# Correct way to get a number from 0-9 from a random byte?

If I have a good random number generator that gives me a byte of data at a time, and I want to extract a random decimal digit of 0 to 9 from that byte stream, what is the correct way to do that?

At first I naively assumed that a simple (randomByte mod 10) calculation would be sufficient, but since 256 is not evenly divisible by 10, that results in a clear bias in the "random" digits:

``````0: 101323 #################################
1: 101261 #################################
2: 101473 #################################
3: 101389 #################################
4: 101551 #################################
5: 101587 #################################
6: 97831  ###############################
7: 97893  ###############################
8: 97843  ###############################
9: 97849  ###############################
(histogram from 1 million 'random' digits)
``````

One method that appears to work is to discard any value above 249 and divide by 25. Is that cryptographically correct? Is there a better method that doesn't involve discarding (potentially expensive) bytes of randomness?

(this question is prompted by reading about a CryptoCat vulnerability, where one of the discovered flaws was that they discarded random values above 250 instead of above 249, giving a slight bias in their "random" numbers... so I was curious what the "right" way to do it is)

• Discarding isn't expensive on average. Especially if you generate multiple digits from multiple bytes at a time. Btw. good stream ciphers(and thus PRNGs) are pretty fast, so the modulo operation is probably more expensive than generating a byte. Jul 20, 2013 at 20:26
• @CodesInChaos The question seem more theoretical. Anyway someone could work on old firmware where modern PRNG simply don't exist... ( In his question, Johnny don't speak about modulo but divide by 25, which have probably not same cost ;-) May 20, 2014 at 21:25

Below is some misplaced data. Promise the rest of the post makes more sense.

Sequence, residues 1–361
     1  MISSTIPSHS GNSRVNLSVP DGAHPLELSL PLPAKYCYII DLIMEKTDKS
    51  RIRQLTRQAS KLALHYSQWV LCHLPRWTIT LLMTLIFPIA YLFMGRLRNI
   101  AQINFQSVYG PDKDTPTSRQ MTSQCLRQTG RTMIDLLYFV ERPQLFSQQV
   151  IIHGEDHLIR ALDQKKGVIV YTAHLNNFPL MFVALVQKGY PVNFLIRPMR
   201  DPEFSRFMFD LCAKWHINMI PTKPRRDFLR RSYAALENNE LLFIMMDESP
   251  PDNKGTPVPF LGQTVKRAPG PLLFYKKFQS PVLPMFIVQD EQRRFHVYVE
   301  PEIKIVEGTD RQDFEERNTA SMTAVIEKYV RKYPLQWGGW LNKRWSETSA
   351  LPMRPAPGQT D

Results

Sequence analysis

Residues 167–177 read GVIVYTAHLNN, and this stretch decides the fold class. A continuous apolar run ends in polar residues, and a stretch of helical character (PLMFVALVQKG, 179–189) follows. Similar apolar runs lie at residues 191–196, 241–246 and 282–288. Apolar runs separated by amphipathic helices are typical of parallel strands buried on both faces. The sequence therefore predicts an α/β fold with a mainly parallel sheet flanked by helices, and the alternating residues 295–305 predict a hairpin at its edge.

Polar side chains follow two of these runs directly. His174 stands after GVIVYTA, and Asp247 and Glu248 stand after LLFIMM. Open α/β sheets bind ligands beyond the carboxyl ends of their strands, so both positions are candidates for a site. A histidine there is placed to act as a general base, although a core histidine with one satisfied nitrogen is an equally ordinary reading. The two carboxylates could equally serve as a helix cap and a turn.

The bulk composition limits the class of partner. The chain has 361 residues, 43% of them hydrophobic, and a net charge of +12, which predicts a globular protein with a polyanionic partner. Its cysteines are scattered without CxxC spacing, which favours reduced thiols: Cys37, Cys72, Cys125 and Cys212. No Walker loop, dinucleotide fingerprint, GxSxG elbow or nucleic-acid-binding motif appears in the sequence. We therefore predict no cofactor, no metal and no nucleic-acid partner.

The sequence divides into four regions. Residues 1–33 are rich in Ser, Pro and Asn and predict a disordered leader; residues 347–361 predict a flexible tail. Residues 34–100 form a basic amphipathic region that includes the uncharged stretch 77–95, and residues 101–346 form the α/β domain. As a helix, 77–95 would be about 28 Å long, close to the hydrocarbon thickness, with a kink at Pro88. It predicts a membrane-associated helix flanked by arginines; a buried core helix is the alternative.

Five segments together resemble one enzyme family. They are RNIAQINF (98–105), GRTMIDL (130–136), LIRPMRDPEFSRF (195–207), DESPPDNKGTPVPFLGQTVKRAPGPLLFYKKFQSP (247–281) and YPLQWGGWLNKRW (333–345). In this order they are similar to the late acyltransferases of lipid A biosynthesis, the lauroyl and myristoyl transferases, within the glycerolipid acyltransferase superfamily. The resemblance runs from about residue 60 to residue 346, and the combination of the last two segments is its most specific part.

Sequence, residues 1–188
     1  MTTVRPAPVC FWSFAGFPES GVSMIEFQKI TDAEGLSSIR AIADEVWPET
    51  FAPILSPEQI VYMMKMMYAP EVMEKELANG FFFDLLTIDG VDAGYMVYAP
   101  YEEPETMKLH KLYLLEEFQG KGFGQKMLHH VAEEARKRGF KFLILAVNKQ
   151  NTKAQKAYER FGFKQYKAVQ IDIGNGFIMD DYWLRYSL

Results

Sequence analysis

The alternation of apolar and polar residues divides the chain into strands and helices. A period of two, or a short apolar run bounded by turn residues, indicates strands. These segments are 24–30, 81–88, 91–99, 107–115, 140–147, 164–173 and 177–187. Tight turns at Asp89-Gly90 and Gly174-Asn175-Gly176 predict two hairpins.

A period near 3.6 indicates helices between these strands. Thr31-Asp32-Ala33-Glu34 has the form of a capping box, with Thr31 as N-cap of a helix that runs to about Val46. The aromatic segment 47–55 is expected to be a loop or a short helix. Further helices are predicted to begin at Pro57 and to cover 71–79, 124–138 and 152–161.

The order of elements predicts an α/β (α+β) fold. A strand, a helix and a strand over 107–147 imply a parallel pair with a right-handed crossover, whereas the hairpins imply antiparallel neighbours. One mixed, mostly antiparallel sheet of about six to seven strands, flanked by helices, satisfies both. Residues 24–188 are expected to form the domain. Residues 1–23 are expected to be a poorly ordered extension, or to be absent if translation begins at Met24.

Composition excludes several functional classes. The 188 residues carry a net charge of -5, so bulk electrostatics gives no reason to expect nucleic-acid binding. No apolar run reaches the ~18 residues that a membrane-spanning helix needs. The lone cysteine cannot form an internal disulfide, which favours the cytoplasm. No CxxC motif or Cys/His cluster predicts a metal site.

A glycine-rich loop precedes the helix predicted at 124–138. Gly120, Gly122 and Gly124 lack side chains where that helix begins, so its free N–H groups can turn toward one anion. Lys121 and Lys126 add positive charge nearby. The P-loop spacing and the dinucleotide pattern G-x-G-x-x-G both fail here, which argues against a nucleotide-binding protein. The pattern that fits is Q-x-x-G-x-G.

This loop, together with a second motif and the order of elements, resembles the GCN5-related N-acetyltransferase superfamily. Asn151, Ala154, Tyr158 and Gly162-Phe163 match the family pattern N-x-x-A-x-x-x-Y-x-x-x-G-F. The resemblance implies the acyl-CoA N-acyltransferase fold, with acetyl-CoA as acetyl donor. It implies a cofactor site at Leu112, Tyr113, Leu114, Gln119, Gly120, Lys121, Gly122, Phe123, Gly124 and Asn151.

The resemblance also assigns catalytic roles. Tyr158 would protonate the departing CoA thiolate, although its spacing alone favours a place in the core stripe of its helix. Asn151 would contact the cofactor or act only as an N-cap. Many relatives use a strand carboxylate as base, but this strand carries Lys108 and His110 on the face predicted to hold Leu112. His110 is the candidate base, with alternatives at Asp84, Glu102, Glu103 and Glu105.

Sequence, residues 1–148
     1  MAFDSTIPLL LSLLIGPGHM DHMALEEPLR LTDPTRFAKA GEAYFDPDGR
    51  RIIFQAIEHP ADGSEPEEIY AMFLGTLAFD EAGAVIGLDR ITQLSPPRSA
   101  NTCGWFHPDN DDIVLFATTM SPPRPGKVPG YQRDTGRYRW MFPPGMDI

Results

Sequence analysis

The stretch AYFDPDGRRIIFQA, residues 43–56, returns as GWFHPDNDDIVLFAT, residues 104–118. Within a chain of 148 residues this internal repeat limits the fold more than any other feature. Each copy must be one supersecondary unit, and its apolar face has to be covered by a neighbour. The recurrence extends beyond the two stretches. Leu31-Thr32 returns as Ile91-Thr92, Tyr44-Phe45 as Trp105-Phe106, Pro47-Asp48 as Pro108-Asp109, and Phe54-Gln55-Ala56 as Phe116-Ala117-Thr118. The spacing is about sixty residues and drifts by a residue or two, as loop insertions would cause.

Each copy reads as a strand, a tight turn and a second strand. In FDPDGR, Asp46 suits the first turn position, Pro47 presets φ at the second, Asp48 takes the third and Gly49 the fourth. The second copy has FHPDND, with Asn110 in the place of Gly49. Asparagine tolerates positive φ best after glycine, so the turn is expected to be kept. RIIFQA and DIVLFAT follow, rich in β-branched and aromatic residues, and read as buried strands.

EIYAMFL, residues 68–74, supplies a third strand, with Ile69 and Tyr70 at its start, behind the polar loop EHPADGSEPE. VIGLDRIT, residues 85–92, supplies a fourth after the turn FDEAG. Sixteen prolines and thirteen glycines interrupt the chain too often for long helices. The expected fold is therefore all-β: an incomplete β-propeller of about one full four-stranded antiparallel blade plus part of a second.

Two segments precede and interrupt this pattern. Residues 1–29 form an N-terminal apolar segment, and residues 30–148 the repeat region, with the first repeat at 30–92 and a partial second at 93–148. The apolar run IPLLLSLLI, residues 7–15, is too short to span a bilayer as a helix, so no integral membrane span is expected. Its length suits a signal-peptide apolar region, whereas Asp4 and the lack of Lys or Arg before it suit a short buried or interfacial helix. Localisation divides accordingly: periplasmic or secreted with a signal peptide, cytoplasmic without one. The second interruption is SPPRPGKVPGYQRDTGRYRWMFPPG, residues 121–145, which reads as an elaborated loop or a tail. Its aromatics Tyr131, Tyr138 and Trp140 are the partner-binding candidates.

• @F.Hauri The cost of division and modulo should have the same on most CPUs. In fact on x86 the division instruction always outputs both. May 21, 2014 at 7:50

There are two generic ways to produce a "sufficiently unbiased" random digit.

First method is to loop if the byte was not in the right range. I.e.:

• Get next random byte b.
• If b is in the 0..249 range, return b mod 10.
• Loop.

This method may consume an unbounded number of random bytes, but it is perfectly unbiased and it is very unlikely to require looping many times. That's what Java's Random.nextInt(int) standard method applies (albeit with 32-bit words instead of bytes).

Second method is to use as source value not one byte but a big enough word. Say, use 20 bytes, interpret these as an integer x in the 0..2160-1 range, and return x mod 10. This way, the bias is still there, but can be made arbitrarily small, to the point that it no longer matters. This is computationally expensive (more than the first method) but has the advantage of always requiring the same number of input bytes, which can be handy in some specific situations (e.g. side-channel leaks).

• With the first method one could simply include an upper bound for the number of iterations. Hitting it becomes exponentially rate and the bias exponentially small when the underlying generator is good. The advantage of such an upper bound is that you can prove that the generator will terminate. Jul 20, 2013 at 20:31
• Concerning side-channels, if the underlying PRNG is secure and properly seeded the side-channel shouldn't leak anything useful. It only gives the attacker information about discarded bytes, which shouldn't allow prediction of other bytes. The control flow of the first method isn't secret, even if the output is. Jul 20, 2013 at 20:34
• Your first method use 1,02 bytes for 1 unbiaised number, your second method use 20 bytes for 1 near unbiaised number... Please have a look at my method that use only 0.8 bytes for 1 unbiaised number! May 20, 2014 at 21:07

## Splitting byte, for rendering several numbers

As random generator may be something expensive, the more efficient way is to cut each byte (0-255) in two part (0-15), before dropping out of limit values:

There is a little sample using :

``````unset random cnt
while [ ! "\$random" ] ;do
((cnt++))
i=\$(dd if=/dev/random bs=1 count=1 2>/dev/null | od -A n -t u1)
for val in \$((i&15)) \$((i>>4)) ;do
[ \$val -lt 10 ] && [ ! "\$random" ] && random=\$val
done
done
printf "%d bytes read, random value: %d\n" \$cnt \$random
``````

## Making a kind of comparission:

As an aswer to @AndreasKrey's comment, there is a little demo, where I try to obtain 10 numbers between 0 an 9: